Tuesday, August 17, 2021

75th Independence Day: In Search of True Freedom

Outlook India (Click here to visit)

     File Photo PTI /Outlook India

As the clock stroke past midnight on the 14th of August 1947, India gained not just its political independence but also its economic independence from the clutch of foreign rule. The story of India’s successful non-violent struggle has inspired many thoughts and movements across the globe, and it is one achievement that every Indian should feel proud of it. The Prime Minister has in January rightly appealed to people to write about freedom fighters and events associated with India’s independence. It is important that we remember the men and women who have the generous concern and the brave commitment to sacrifice their prime days for our today. 


We have come a long way from those days of channelizing our main resources, thoughts, and energies for the development of the primary sector and eradicating extreme poverty. The transition of India from being an entity composed of different princely states with individual interests to a country that not only stands united today but fought patriotically as one against external aggressions is no mean achievement by any yardstick. Today, our significant advancement in science and technology, defence, literature, medicine, and the economy at large has captured the world’s attention so much so, India today is regarded not just as an economic powerhouse but also a responsible world leader. That India’s ambition to be part of the UN’s permanent seat garnered overwhelming support from many countries is a testament to the fact that we are no longer a country with a begging bowl. It is however prudent to ask Is India's growth inclusive. If India lives in its village, as Gandhiji had said, the progress of the nation should thence be measured by the condition of the villages in India. The question which then arises is- “Are our villages self-sufficient today?”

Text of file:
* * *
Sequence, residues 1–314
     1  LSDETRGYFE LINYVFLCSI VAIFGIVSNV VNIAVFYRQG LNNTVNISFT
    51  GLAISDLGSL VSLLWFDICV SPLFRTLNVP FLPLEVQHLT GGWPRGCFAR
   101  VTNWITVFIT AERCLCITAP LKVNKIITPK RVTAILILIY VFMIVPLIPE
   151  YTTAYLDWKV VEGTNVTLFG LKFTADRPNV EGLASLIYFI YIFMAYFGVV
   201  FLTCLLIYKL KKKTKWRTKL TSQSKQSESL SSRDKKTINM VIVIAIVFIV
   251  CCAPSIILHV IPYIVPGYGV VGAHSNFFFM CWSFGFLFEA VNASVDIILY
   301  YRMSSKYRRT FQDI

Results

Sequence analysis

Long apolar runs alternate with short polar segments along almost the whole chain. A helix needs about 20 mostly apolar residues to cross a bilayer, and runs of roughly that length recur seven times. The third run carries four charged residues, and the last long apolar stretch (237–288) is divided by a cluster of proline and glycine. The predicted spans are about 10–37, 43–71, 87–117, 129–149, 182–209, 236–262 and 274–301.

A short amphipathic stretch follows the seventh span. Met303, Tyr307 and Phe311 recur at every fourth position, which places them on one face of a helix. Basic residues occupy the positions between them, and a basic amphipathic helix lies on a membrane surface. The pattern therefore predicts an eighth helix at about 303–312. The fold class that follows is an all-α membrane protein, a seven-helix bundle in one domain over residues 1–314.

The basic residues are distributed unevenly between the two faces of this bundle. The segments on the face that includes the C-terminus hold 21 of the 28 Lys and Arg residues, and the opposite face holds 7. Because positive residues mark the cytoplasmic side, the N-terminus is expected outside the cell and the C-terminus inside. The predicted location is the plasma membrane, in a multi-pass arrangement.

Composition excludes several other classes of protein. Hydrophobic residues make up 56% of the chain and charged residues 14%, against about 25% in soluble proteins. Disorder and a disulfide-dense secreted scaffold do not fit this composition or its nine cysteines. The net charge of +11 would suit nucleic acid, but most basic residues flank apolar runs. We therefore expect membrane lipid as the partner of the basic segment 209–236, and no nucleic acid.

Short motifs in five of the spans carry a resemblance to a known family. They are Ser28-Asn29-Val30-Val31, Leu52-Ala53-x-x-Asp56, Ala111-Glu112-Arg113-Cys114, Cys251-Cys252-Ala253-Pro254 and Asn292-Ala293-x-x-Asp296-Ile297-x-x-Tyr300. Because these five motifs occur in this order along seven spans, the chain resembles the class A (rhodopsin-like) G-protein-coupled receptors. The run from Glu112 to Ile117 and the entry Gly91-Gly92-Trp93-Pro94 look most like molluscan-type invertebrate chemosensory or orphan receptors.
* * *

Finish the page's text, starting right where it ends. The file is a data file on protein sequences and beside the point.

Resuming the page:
Renewed focus on Subhash Chandra Bose and his Indian National Army is a heartening development, as freedom struggle, in as much as we would love it to be, is not just about Gandhiji and his followers. Also noteworthy is the little yet significant development in the acknowledgement of tribal movements in the North East, long ignored in mainstream narratives of India’s freedom movement; that native writers had to undertake painstaking efforts to rewrite the forgotten stories from scratch notwithstanding, several articles and books have appeared on the subject in recent times. However, taking the opportunity to evaluate the progress we have made so far, and more so the challenges faced, there are some glaring unfortunate developments and the lack of concrete remedial initiatives thereof that is worth contemplating today.